After reading several articles about the impressive performance gains you can get from SSD drives as well as the fact that they are completely silent and use a fraction of the power of normal drives, I got the itch and had to look into them.
I started thinking I’d get an SSD to put into my Lenovo Thinkpad X200 laptop. That seemed to make the most sense based on lower power use and the silent running and zero vibration.
I started doing my research by looking into the cheaper drives because I’m all about finding the best bang for my buck. My first assumption was that most likely all SSD’s are pretty much alike and there really wouldn’t be much difference.
I was proven wrong. After trolling through dozens of lengthy reviews with specs, the general consensus was that the cheaper drives seemed to have a lot more compatibility problems and often didn’t perform as well in speed tests.
I settled on the Intel 80gb X25-M SATA SSD. I would have loved to have gone for the 160gb version but at around twice as much, I decided I should go conservative since, if it sucked I didn’t want to be out the extra money. The Intel drive seemed to get the most solid reviews and wasn’t dramatically more expensive than the cheaper competition. Everyone seemed to say the same thing, this drive is lightening fast and rock solid.
Once I ordered the drive and was waiting for it to arrive, I kept on reading reviews and more and more started thinking about putting it in my desktop as the system drive instead of my laptop. My desktop was already set up with one drive for Windows 7 and my programs and a second one terabyte drive for my data, so the system drive really didn’t need to be that large.
I am running a four year old Dell Dimension 9200. This machine was pretty bad ass when it was new but it is getting pretty long in the tooth compared to its modern equivalents.
Don’t get me wrong, it has a Core 2 Duo dual core processor and 3gb of ram, which aren’t bad specs but it is not as fast with Windows 7 and the latest apps on it as it was when it was running Vista and the last generation of apps.
It’s especially noticeable when waiting for the machine to fully boot up. If I have a lot to do, I dread having to reboot my machine as I know I’ll be staring at the screen waiting for everything to get loaded for a while.
The drive finally arrived, courtesy of UPS and I popped it out of the box. The cool thing is that the drive is the standard size for a laptop hard drive, but it comes with an adapter bracket so that you can easily install it in a desktop as well. It has standard SATA connectors on it for power and data so you don’t have to do anything special or buy any extra parts to get it to work with your machine – either laptop or desktop.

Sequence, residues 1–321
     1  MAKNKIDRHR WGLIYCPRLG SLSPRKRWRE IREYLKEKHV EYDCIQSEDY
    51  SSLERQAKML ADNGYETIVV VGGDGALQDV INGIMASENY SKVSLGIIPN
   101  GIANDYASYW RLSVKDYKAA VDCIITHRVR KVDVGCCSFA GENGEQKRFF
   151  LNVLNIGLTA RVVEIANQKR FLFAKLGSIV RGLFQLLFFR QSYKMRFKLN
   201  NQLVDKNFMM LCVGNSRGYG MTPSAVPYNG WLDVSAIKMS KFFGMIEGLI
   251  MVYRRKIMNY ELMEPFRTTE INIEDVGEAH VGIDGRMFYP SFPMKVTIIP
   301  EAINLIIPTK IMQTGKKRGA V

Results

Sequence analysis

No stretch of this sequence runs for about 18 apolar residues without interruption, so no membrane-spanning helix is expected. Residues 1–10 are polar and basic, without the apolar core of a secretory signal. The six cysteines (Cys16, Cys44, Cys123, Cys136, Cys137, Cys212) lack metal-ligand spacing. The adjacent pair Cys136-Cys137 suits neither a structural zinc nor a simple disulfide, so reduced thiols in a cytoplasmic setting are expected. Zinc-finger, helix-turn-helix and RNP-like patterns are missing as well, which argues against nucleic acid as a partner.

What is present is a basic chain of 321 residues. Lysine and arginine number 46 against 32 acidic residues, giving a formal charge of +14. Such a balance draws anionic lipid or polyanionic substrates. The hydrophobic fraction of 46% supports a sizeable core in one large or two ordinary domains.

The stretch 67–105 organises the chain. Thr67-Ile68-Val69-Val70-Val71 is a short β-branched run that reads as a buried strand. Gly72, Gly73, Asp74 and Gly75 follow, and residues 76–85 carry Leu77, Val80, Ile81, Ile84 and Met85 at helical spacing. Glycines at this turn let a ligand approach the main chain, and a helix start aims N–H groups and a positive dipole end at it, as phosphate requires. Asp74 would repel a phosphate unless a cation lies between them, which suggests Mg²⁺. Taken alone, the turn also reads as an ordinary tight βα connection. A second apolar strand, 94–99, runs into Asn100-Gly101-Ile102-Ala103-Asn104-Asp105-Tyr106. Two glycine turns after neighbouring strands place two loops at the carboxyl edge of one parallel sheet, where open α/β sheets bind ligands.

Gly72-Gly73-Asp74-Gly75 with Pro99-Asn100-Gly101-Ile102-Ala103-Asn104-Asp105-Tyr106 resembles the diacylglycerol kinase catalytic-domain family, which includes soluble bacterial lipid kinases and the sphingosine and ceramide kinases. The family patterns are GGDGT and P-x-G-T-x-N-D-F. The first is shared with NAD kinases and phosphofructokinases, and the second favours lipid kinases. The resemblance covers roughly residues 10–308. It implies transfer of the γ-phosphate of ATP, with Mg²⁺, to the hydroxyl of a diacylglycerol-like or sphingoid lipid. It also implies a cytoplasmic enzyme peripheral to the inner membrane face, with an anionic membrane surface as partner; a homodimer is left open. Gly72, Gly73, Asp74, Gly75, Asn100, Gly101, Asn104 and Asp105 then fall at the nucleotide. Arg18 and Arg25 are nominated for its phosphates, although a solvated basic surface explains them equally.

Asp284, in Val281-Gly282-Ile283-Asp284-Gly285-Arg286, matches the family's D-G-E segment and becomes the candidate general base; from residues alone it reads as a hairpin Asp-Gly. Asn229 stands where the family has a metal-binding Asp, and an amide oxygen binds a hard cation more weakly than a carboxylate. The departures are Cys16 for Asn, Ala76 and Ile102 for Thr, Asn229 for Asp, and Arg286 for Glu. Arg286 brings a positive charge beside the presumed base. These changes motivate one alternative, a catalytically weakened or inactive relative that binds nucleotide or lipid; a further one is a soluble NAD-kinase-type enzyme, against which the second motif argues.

Now I needed to install it into my desktop. I decided to use Norton Ghost to copy my existing desktop system drive to the new SSD so that I wouldn’t have to reinstall and reconfigure everything.
In order to get ready, I decided to free up space on my system drive by moving the page file from C: to my second hard drive which is D:. I also ran disk cleanup in Windows 7 to get rid of about 5gb of temp files, etc. When all this was done, I was at a comfortable 50gb of used space on my system drive, which would give me plenty of breathing room on the new 80gb drive.
I installed Ghost on my desktop, then took out my USB to SATA / IDE hard drive connector and plugged the SSD into a free USB port. I then fired up Ghost, set it to do a drive – to - drive clone from my existing C: drive to the new SSD drive. The copy took several hours to finish. Once it was done, I opened up my machine and swapped the two drives without an issue.
Upon powering up my machine with the Intel 80gb X25-M SATA SSD drive as my new system drive, I got a fatal boot error saying that windows couldn’t find some startup files. I fixed this in about 5 minutes by putting my Windows 7 installation disc in and booting off of it. When the setup screen came up, there was an option to repair windows. I picked it. Setup did a quick scan and reported that it found problems with my boot configuration and asked if I wanted to let it repair the issues automatically. I clicked ok and in less than a minute my pc restarted and booted off of the SSD.
Now, for the interesting part. Before I swapped the drives, I decided to write down the boot time with the old drive and compare it to the new drives times. With my old system drive it took my pc 1 minute 31 seconds to get to the login screen 2 minutes and 44 seconds total boot time after the login screen before I could launch Internet Explorer and load a web page. With the old drive the Windows Experience Index (which rates your computer’s performance and can be found by right clicking my computer and choosing properties) showed hard drive performance at 5.7 out of a maximum score of 7.9. Not too shabby.
After I installed the Intel 80gb X25-M SATA SSD, my boot times became 48 seconds to the login screen (half the time!) and 1 minute 5 seconds total boot time to launching IE and loading the same web page (about one third of the total boot time that the old drive used!). The Windows Experience Index suddenly rated my hard drive performance at 7.6 out of 7.9 total possible score! Basically, Windows thinks there’s little to nothing out there that’s faster than my new drive.
Keep in mind that this is with the exact windows installation I had before since I cloned the drive so this really is an apples to apples test.
The only other configuration task left after the swap is to install the Intel SSD utility that runs some optimizing routines on your drive from time to time.
I’ve now been running this configuration for over a month and can only report that it is still amazingly fast. I had been contemplating buying a new pc soon since this one was getting slow but with the new SSD drive, I have no reason to upgrade for the foreseeable future.